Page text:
Special/Signature Issues » Bridal Style

Happily Ever After

Tales of love, courtship and proposals

April and Joe Niamtu, III DDS

One of the first things that Dr. Joe Niamtu noticed about his future wife April was her ear. Which is perfectly normal because as one of Richmond’s most talented and trusted Oral/Maxillofacial and Cosmetic Facial Surgeons, he had been recommended to her by her sister to repair a torn earlobe. “I thought she was absolutely beautiful,” Dr. Niamtu says, recalling the first time he met her.

His interest piqued, Dr. Niamtu learned that April was visiting her family in Richmond while on vacation from her job at a radio station in the Virgin Islands. Shortly after he met her, she returned to the islands and it wasn’t until a year later that their paths crossed again – with a little help from Dr. Niamtu, that is. “I had learned through her family that she had moved back to Richmond, so I got in touch with her,” he says. Soon they were dating and, after a few years, Dr. Niamtu decided it was time to propose.

“I decided to “roast” April at my annual 4th of July party,” says Dr. Niamtu of his soiree that attracted local celebrities such as Jimmy Dean and Patricia Cornwell. During past parties, guest of honors had been good-naturedly roasted with amusing antidotes, funny childhood photographs and a commemorative t-shirt. “This particular year I told April I was keeping the guest of honor a secret,” Dr. Niamtu says. “So she very surprised when I announced it was her.”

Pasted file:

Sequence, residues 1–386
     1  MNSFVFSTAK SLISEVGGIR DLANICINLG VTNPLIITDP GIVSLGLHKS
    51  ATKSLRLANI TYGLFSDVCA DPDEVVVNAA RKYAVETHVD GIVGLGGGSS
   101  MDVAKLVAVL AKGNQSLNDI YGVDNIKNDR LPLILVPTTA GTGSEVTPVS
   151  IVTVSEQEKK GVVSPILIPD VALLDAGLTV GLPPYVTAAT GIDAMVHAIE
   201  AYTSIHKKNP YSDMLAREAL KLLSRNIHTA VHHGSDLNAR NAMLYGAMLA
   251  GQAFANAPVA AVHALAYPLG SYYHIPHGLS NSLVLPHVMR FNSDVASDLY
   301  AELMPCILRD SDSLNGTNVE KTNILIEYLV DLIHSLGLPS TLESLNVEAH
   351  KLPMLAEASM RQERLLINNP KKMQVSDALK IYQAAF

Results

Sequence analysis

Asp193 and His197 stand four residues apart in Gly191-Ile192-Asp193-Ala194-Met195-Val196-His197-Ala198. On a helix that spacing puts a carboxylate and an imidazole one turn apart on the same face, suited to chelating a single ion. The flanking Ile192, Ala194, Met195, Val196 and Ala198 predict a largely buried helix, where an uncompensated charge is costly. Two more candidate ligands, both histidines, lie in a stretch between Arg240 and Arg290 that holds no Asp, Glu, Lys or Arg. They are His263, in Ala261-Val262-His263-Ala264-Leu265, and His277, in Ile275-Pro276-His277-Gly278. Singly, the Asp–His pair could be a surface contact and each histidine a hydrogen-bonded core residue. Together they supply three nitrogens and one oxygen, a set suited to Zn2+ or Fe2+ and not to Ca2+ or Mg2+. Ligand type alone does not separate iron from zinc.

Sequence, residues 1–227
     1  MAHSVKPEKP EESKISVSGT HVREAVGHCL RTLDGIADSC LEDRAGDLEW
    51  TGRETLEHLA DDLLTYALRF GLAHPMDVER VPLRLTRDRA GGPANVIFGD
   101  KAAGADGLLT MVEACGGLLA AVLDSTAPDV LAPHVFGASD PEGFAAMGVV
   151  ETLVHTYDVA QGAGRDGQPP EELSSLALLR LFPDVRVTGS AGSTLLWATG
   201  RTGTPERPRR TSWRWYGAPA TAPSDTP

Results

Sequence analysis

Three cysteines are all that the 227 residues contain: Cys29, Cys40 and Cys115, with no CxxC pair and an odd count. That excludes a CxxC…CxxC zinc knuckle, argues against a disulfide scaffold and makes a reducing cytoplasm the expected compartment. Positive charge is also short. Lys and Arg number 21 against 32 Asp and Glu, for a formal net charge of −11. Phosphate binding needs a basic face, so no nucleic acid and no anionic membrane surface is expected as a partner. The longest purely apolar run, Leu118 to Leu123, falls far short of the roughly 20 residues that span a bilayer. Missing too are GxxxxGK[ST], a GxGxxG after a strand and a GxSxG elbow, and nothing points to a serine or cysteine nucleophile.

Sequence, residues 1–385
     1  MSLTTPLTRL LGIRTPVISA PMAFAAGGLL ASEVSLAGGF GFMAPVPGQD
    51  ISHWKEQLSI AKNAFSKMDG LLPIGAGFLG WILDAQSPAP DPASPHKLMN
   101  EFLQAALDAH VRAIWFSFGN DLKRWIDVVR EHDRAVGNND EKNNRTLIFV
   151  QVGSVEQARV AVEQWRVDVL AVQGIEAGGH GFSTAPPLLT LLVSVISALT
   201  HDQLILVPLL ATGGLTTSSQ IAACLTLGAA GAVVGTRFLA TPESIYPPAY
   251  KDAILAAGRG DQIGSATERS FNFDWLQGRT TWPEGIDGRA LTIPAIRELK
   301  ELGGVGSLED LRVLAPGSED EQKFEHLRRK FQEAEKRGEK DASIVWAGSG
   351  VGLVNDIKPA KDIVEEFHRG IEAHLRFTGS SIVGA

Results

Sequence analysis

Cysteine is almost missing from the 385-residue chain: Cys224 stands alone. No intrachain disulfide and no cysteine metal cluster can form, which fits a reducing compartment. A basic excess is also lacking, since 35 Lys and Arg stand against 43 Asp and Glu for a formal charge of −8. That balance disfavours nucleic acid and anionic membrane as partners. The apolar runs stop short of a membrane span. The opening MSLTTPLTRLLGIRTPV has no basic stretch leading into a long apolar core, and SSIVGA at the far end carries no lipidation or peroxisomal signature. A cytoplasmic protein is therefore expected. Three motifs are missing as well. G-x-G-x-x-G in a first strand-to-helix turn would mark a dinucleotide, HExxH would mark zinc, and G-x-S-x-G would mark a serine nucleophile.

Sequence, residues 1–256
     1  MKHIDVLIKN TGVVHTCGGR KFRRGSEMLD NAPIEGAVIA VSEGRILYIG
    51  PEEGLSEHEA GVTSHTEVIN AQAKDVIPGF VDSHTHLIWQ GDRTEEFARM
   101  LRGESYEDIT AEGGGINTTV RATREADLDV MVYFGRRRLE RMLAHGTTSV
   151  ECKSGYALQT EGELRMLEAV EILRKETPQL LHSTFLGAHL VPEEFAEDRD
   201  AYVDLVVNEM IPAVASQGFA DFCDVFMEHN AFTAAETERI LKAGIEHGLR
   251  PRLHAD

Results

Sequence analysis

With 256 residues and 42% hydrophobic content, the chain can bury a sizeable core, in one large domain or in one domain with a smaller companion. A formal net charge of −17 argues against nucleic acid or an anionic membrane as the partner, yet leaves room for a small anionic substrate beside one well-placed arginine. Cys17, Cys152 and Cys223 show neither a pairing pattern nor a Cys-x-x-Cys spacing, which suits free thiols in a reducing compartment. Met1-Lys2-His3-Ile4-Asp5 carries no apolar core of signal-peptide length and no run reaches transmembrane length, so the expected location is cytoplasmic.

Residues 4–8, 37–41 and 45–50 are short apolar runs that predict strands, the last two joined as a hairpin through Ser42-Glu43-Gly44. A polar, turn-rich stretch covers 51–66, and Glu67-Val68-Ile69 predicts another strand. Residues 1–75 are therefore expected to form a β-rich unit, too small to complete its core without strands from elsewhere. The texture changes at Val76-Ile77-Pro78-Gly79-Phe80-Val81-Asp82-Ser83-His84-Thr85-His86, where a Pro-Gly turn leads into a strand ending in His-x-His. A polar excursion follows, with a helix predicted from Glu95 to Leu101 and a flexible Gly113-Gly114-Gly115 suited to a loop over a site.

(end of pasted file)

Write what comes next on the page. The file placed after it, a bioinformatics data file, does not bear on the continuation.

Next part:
Presenting April with a t-shirt that read “After an exhaustive search spanning nearly half a century, Dr. Niamtu finally found the girl of his dreams,” Dr. Niamtu pulled out a ring and, to the delight of everyone present, asked April that question of a lifetime, ‘Will you marry me?’. Of course she said yes and they happily got married on December 19, 1998.

Janet Martin and Mic Muller

“It was early fall of 1993 and I was performing on Wednesday nights at The Moondance,” says Janet, noting that the popular watering hole was the best live music room in Richmond when it was around. “Mic was a partner there and he was also performed with his band, Mic & The Moondogs, on Tuesday nights.”

Before long, Mic was setting up Janet’s sound system for her Wednesday evening gigs. “When he did this, he’d leave these nice little notes, with sayings like ‘Have a good show’,” recalls Janet. “At this point, I hadn’t met him in person yet, but I already knew he was a great guy!”

One fateful Wednesday evening, Mic showed up to listen to Janet play. On her break, she went over and introduced herself and sparks flew. “I felt an immediate connection with him,” says Janet, “But of course, didn’t make it known at the time. Instead we discussed the music business and decided we would work on some of my original material, as I hadn’t put out any recordings as a solo artist and was very interested in doing so. Mic had quite a bit of recording experience and expressed an interest in helping me.”

This working relationship quickly evolved into a personal one that became an engagement in 1996 when Mic proposed to Janet.

”He fixed me a lovely dinner (he’s quite an accomplished chef!),” says Janet. “Towards the end of the dinner, he kept getting up like he was nervous.” This nervousness was explained when he came back to the table carrying a silver plate that had one red rose and a small velvet box.

“He got on his knee and proposed marriage,” says Janet. “It was the single most romantic moment of my life. We waited until 1998 to get married in a small church I grew up in. Six years later, we’re still in love and still happy!”